The Pharmaceutical Benefits Scheme 2003–2004

Australia and New Zealand Health Policy , Volume 2 (1) – Jan 12, 2005

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Copyright © 2005 by Harvey; licensee BioMed Central Ltd.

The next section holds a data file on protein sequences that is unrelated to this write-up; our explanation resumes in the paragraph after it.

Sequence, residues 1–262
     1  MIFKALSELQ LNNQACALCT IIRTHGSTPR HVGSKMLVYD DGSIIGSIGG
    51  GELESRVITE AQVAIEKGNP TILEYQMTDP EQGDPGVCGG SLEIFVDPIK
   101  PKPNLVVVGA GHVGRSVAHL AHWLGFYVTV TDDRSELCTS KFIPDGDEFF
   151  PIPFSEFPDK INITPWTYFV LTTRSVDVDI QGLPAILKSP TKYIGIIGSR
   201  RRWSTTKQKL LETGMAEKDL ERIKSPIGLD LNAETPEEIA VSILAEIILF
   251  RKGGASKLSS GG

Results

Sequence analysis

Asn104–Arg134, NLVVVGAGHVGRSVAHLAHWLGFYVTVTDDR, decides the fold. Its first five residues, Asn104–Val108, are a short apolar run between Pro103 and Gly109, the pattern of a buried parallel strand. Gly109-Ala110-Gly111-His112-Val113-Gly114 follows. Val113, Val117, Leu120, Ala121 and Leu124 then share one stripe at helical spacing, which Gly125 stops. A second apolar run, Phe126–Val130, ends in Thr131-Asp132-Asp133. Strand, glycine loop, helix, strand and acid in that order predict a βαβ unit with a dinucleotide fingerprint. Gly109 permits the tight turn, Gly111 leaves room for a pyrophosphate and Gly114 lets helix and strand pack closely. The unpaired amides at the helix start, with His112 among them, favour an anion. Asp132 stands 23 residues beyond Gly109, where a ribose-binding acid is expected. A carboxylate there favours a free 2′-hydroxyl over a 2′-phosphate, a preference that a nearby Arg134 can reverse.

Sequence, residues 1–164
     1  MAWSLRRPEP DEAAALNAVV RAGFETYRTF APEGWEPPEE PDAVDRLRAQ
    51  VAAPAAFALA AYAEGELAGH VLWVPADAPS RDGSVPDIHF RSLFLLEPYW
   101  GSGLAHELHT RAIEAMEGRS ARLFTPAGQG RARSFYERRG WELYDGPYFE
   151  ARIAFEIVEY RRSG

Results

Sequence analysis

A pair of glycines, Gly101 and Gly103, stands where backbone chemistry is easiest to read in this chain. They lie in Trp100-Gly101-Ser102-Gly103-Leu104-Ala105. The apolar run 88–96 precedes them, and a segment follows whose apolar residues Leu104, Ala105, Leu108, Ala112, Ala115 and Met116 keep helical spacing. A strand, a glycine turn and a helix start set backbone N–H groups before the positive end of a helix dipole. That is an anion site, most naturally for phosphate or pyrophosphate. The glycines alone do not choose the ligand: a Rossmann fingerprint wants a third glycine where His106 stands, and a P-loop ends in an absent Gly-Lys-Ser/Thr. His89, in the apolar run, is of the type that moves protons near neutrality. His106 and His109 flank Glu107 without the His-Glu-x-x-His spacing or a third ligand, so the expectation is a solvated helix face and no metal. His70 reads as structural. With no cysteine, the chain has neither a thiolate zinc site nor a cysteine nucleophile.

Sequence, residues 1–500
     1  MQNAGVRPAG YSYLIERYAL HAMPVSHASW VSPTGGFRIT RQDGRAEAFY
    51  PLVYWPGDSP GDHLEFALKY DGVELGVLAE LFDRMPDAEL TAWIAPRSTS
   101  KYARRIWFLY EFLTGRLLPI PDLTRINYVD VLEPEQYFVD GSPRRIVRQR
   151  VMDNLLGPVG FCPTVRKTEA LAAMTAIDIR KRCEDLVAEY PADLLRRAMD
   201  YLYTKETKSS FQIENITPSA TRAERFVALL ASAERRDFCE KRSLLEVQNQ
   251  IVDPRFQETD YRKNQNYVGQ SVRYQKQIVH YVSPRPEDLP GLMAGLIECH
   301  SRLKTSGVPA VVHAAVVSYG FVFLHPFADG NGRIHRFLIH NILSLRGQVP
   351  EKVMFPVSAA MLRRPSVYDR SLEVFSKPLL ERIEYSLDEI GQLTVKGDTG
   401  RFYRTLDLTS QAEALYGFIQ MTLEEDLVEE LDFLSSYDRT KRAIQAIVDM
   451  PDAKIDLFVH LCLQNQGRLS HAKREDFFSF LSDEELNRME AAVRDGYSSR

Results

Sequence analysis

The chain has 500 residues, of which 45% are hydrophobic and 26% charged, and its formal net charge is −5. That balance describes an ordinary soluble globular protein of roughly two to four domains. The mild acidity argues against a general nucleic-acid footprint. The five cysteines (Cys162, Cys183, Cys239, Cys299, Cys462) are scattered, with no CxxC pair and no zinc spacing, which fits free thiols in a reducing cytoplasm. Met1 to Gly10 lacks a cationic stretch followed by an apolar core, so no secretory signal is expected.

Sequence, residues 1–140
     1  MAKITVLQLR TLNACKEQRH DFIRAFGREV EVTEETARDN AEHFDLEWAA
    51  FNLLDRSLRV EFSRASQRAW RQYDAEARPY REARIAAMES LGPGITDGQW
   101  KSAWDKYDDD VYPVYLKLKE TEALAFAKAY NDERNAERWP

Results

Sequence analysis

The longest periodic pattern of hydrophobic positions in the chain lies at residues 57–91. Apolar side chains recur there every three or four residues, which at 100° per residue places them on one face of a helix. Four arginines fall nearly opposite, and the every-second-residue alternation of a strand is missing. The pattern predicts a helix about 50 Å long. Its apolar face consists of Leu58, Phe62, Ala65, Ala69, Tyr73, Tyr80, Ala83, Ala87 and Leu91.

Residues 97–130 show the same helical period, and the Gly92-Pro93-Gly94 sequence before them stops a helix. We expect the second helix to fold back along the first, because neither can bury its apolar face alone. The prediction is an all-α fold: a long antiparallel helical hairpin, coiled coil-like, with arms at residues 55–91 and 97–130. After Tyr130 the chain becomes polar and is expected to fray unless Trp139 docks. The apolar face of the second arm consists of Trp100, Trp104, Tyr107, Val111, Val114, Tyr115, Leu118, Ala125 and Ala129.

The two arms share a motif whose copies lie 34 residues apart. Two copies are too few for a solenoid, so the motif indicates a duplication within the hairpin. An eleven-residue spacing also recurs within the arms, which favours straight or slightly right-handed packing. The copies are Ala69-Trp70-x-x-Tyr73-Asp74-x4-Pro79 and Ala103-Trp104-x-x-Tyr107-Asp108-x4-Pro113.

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Medicine & Public Health; Public Health; Social Policy
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Abstract